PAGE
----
DEADLINE FOR SUBMISSIONS: February 27, 2009
The conference, “Disorderly Conduct” will bring together scholars from around the world and from such disciplines as sociology, philosophy, health studies, history, women’s studies, and medicine to explore and problematize the notion of a “disorder”. The conference seeks to bring front-line medical and mental health personnel who treat various “disorders” together with humanities, social science and health and disability studies scholars who work (in one way or another) on theoretical questions related both to specific “disorders” and to the notion of a disorder simpliciter. In workshops and symposia, conference participants will engage questions like the following: Continue reading

Where did the Obamas vote in this week’s US election? (UPDATED)

The photo on the right has been circulating around the disability studies community.  For the benefit of those using screen readers (and those not familiar with the iconography of accessibility), here is a description: The Obamas are talking to each other behind several voting machines so that only their heads and shoulders can be seen in the photo.  On the wall directly behind them, there is an orange, black, and white poster which reads “Polling Place” and which gives location, date, and times.  On the left-hand side of the poster, that is, over the right shoulder of Michelle Obama who is on the left-side of the photo, there is a very clearly visible universal access symbol with a slash through it.  Did the Obamas vote at an inaccessible voting location? 

Perhaps someone who resides in Illinois would let readers of this blog know (or, uhh, confirm) what indeed the symbol on the poster conveys.  While I heard tv commentators report on problems at polling stations concerning long waits, voting machines breaking down, etc., I do not recall any elaboration or even any mention of the problems presumably encountered by disabled people who tried “to exercise their democratic right” in the recent US election, though I did hear a CNN commentator read comments submitted by an elderly man who pointed out that polling stations should be equipped with rest areas, benches, etc. for the benefit of senior citizens who cannot stand in line-ups for long periods of time.

Thanks to Liat Ben-Moshe for alerting the disability studies community to this photo.

UPDATE: Photos of another inaccessible polling station used in last week’s US election can be found here: http://feministphilosophers.wordpress.com/2008/11/04/the-sound-of-silence/#comments

National Symposium on Euthanasia and Assisted Suicide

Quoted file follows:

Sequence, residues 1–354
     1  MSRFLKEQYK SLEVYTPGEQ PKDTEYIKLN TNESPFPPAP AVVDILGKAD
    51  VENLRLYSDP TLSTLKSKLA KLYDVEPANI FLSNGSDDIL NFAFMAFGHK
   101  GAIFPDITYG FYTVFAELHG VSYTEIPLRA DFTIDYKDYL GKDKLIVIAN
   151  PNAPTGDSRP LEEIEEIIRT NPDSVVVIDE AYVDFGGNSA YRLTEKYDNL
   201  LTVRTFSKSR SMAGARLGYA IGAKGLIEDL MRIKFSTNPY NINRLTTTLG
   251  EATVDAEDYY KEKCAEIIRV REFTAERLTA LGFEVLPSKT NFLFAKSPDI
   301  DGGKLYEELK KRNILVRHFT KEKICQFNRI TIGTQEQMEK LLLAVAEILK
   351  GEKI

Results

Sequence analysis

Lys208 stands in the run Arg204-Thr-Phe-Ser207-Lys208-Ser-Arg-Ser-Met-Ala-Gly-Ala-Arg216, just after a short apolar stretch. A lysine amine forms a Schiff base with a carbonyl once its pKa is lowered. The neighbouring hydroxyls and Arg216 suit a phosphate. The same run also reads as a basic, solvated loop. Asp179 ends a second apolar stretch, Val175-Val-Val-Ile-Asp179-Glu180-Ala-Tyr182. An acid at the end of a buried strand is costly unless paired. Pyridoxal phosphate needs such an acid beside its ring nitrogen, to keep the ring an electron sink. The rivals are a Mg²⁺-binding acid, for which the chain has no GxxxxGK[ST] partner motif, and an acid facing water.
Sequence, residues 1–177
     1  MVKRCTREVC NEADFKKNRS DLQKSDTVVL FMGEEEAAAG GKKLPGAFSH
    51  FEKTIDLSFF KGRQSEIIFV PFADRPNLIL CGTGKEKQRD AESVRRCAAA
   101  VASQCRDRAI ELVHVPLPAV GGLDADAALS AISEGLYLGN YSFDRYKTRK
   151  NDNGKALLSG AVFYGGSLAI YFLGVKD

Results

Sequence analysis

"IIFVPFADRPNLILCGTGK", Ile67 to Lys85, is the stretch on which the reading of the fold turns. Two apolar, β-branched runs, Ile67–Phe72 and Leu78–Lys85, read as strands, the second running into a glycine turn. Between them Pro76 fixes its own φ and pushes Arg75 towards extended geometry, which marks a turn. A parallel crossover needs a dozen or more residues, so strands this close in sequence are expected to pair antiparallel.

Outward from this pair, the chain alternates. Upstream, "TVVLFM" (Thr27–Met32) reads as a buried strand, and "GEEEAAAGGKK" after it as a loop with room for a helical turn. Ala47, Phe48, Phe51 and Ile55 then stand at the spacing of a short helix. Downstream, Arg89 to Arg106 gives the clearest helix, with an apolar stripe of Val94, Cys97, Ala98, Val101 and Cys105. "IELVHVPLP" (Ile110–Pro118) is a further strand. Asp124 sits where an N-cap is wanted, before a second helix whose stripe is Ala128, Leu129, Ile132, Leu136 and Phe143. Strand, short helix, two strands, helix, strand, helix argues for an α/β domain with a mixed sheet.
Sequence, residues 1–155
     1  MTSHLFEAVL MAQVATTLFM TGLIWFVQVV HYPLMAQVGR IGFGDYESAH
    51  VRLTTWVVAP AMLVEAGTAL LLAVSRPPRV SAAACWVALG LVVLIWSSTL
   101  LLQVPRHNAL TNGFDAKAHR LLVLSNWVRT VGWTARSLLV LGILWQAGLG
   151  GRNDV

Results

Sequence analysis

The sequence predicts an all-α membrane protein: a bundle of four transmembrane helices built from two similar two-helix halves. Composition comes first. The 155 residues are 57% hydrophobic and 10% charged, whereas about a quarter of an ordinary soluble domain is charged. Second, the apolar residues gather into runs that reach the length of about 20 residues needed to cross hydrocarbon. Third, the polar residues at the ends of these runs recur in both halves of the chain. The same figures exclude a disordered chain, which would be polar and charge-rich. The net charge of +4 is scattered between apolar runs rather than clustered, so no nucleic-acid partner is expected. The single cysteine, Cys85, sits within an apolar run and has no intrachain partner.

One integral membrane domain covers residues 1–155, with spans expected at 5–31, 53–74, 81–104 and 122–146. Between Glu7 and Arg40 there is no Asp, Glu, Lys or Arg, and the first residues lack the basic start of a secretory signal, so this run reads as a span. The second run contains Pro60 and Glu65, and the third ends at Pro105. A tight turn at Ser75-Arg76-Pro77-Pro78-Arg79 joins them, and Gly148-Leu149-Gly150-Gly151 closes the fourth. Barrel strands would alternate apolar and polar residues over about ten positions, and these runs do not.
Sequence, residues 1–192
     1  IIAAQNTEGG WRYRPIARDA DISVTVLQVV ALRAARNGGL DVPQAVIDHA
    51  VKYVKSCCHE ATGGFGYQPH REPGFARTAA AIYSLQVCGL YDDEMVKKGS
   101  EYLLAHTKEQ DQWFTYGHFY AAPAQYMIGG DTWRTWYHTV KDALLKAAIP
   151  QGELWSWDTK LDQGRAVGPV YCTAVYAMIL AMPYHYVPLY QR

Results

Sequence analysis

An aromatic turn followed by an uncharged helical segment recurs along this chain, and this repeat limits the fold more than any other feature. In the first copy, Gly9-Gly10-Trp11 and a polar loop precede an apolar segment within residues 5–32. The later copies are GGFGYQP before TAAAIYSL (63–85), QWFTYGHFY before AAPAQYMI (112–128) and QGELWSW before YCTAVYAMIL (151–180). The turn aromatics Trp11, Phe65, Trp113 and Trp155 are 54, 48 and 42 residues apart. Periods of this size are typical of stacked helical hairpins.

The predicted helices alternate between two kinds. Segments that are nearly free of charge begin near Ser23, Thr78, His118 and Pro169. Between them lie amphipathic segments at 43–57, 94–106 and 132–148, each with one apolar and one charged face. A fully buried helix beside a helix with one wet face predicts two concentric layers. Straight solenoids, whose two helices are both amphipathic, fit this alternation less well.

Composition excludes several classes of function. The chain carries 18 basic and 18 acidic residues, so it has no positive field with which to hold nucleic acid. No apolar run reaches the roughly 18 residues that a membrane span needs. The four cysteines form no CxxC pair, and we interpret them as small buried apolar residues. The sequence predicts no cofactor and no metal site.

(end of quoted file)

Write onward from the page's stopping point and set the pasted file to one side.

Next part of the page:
The Euthanasia Prevention Coalition is holding a National Symposium on October 24 & 25 at the Victoria Inn Hotel and Conference Centre, Winnepeg, Manitoba.  Speakers include Diane Coleman and Stephen Drake of NOT DEAD YET, Alex Schadenberg of the Euthanasia Prevention Coalition, and others.  The registration fee is $99CA, with a reduced rate for students and disabled people.  For more information, visit the conference website: http://www.euthanasiaprevention.on.ca/NationalSymposium2008.htm

CFP: Feminist Disability Studies in/and Feminist Bioethics

CALL FOR CONTRIBUTIONS

TO A SPECIAL ISSUE OF

INTERNATIONAL JOURNAL OF FEMINIST

APPROACHES TO BIOETHICS (IJFAB)

Vol. 3, no. 2, Fall, 2010

From the Margins to the Center:

Feminist Disability Studies and/in Feminist Bioethics

Guest Editor, Shelley Tremain

In recent years, work done in mainstream bioethics has been challenged by the emerging field of disability studies. A growing number of disability theorists and activists point out that the views about disability and disabled people that mainstream bioethicists have articulated on matters such as prenatal testing, stem cell research, and physician-assisted suicide incorporate significant misunderstandings about them and amount to an institutionalized form of their oppression. While some feminist bioethicists have paid greater attention to the perspectives and arguments of disabled people than other bioethicists, these perspectives and arguments are rarely made central. Feminist disability theory remains marginalized even within feminist bioethics. Continue reading

The Politics of Ableism

a new paper out by Gregor Wolbring
Development 51: 252-258; doi:10.1057/dev.2008.17
http://www.palgrave-journals.com/development/journal/v51/n2/index.html
Technorati Tags: , , , , , , ,